Even if the ideas aren't part of mainstream physics I've found them very helpful trying to understand many of the traditional physics ideas. Maybe I'm just dumb, I couldn't get my head around a lot of the tensor ideas, with raised and lowered indexes, before seeing how this fit in a GA context. Two examples. The completely antisymetric tensors like the:

    R^{\text{T}} R'

    of rigid body motion, or the electromagnetic tensor


    have a very natural bivector representation in GA. To me the forms or tensor approaches, even though they may be conventional, seem less intuitive.

    In the long run it's more work for me to learn things this way because I don't really have a choice but to learn this and the traditional ways, but if I'm able to learn the traditional ways easier that way and have a better toolbox, I think I'm better off in the long run. However, I also have the luxury of learning multiple approaches since I'm not under deadlines for exams. This is a completely self study project for fun. I've been out of school for a long time (now doing boring, but well paying, computer programming for a database product). My work unfortunately provides absolutely no justification for any sort of physics or mathematics.
  9. Jun 11, 2008 #8


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    These equations aren't valid notation. You can't use "+" like that. In this context, I would write them as

    [tex]\textbf{X} = (ct, \textbf{x})[/tex]
    [tex]\textbf{V} = \frac{d \textbf{X}}{d\tau} = \gamma(c, \textbf{v})[/tex]
    [tex]\textbf{P} = m \textbf{V} = (E/c, \gamma \textbf{p})[/tex]
    [tex]\textbf{F} = m \frac{d^2 \textbf{X}}{d\tau^2} = m \frac{d \textbf{V}}{d\tau}[/tex]​

    Different authors use different notation conventions, but a common one is to use uppercase for 4-vectors and lowercase for 3-vectors. (In GR, most authors would use [itex]X^\mu[/itex] instead of the [itex]\textbf{X}[/itex] often used in SR.)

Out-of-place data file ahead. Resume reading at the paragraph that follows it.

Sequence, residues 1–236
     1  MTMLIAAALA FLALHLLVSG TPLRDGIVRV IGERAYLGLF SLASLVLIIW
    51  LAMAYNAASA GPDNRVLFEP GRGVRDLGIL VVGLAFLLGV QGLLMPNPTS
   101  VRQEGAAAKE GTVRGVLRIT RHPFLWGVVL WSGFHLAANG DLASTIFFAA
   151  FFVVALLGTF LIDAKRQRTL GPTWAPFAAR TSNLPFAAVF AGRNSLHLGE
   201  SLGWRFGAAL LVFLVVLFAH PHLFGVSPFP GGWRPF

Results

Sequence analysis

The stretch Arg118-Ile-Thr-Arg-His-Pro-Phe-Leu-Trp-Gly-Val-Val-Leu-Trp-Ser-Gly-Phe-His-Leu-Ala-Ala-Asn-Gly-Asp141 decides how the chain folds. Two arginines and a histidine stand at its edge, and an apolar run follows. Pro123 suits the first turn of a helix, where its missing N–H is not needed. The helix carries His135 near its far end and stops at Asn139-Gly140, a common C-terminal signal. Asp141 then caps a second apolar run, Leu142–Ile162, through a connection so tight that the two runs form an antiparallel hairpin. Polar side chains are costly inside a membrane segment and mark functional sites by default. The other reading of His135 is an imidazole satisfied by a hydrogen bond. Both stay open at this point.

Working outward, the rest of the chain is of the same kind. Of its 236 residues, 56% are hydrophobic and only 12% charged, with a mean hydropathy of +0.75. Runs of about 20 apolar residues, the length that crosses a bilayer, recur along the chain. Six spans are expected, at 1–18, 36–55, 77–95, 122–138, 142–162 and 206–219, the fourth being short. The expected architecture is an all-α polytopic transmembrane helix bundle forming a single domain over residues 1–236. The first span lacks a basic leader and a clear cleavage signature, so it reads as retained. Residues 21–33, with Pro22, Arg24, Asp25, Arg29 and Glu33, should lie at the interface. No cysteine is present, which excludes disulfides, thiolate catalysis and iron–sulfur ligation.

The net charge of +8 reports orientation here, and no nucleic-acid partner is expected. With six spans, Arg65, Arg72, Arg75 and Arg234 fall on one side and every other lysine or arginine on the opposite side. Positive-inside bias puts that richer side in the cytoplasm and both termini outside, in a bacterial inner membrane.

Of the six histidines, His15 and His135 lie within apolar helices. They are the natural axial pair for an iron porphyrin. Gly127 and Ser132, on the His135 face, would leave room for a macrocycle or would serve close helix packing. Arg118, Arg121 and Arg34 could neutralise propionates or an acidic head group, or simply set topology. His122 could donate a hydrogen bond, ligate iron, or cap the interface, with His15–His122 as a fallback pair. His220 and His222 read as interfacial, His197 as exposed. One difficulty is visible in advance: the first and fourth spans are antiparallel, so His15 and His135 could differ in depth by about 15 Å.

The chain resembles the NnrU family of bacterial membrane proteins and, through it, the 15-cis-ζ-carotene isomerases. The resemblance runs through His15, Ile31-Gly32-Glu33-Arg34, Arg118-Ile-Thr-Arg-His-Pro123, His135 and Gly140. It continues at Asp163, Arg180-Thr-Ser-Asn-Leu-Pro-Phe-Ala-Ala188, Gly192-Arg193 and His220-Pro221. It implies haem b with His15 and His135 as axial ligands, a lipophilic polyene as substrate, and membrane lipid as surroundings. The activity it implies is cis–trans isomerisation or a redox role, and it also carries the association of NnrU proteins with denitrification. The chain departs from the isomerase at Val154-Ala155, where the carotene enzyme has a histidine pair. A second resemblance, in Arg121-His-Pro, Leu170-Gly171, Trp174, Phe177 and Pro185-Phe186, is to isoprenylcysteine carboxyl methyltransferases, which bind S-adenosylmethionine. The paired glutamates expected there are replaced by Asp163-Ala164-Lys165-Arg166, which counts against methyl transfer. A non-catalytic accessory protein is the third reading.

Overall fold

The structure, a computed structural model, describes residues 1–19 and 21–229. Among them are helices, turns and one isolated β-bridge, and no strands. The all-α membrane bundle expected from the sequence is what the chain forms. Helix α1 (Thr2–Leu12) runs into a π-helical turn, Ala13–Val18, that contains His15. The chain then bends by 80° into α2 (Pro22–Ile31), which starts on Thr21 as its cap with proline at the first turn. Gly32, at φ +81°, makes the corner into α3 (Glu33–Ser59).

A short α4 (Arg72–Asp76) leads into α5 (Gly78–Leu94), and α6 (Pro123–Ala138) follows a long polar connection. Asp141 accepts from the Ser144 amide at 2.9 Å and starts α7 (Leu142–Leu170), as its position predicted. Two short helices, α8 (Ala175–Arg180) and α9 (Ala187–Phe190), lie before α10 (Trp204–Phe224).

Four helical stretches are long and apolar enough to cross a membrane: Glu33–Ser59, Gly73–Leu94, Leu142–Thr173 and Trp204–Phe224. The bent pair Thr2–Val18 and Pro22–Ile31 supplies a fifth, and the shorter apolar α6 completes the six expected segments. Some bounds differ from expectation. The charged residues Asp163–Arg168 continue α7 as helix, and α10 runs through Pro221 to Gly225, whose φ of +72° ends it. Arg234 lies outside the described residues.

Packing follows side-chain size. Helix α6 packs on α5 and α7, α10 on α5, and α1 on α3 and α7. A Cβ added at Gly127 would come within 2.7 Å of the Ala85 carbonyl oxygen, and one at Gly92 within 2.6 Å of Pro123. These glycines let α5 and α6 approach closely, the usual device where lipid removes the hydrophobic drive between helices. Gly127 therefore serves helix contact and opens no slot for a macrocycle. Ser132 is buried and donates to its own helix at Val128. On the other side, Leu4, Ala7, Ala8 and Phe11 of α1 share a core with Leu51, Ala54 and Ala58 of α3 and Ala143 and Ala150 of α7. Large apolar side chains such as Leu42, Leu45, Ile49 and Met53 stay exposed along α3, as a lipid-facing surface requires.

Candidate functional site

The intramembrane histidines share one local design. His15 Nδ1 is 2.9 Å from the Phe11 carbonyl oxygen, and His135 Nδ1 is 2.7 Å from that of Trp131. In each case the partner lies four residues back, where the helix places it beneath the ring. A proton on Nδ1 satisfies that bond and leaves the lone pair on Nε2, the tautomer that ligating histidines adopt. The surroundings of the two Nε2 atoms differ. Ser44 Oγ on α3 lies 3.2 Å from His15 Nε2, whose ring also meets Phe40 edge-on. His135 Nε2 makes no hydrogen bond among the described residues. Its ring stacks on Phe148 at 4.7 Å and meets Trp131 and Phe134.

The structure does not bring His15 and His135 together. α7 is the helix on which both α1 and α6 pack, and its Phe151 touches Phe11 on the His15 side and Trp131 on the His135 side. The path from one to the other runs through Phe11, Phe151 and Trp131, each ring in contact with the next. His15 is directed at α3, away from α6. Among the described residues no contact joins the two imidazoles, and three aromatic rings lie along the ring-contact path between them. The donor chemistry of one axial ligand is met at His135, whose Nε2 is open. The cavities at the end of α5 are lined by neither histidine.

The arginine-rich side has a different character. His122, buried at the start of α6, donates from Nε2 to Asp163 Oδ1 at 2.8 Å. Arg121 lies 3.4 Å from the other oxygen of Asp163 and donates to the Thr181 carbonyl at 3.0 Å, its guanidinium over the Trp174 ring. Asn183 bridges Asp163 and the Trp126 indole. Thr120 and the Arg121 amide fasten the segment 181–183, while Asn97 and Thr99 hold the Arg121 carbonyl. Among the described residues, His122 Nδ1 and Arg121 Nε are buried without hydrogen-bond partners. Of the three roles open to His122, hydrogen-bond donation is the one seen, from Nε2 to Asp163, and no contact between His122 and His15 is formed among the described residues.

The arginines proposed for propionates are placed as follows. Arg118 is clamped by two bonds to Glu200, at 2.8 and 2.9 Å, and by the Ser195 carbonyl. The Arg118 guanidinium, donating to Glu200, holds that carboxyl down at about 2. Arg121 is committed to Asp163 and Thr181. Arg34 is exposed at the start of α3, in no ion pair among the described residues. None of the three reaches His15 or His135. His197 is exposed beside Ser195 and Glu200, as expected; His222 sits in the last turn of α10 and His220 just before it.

Note that as F is orthogonal to V (which can be proved by differentiating ||V||^2), then in the rest frame (co-moving inertial frame) of the accelerating object the "time" component of F is zero (because in that frame the "space" component of V is zero). Thus ||F|| must be the magnitude of the "proper force", the force experienced by the object in its own rest frame.

    If Q is a genuine 4-vector (i.e., in the context of SR, its components transform via the Lorentz transform) then its norm ||Q|| must be invariant. The derivative of a 4-vector with respect to a scalar invariant is also a 4-vector. So once you know [itex]d\textbf{X}[/itex] is a 4-vector then [itex] d\tau = ||d\textbf{X}|| / c [/itex] must be invariant and so V, P and F must be 4-vectors, and their norms all invariant.
  10. Jun 11, 2008 #9
    It is valid to do so in geometric algebra which defines a product (clifford algebraic product) of vectors that produces a scalar and bivector term, incorporating both dot and cross product like parts (really wedge product) behaviour respectively.

    Similarily vector/bivector products produce vector trivector parts. I figured what was written would be understood independent of any knowledge of this algebra.

    Thanks for the note about the F and V orthogonality. I'll try that calculation.
  11. Jun 12, 2008 #10
    fyi. A paper that discusses this algebra applied to spacetime is available here (my standalone description is probably not too coherent if you don't already know the ideas).


    See: RelEasyPs.pdf (it has a long Lotus notes url that probably won't cut and paste well).

    ps. When I wasn't at work I sat down to do demonstrate to myself that F and V are orthogonal as you said, but saw how immediately from V \cdot V and was left with nothing interesting to calculate;(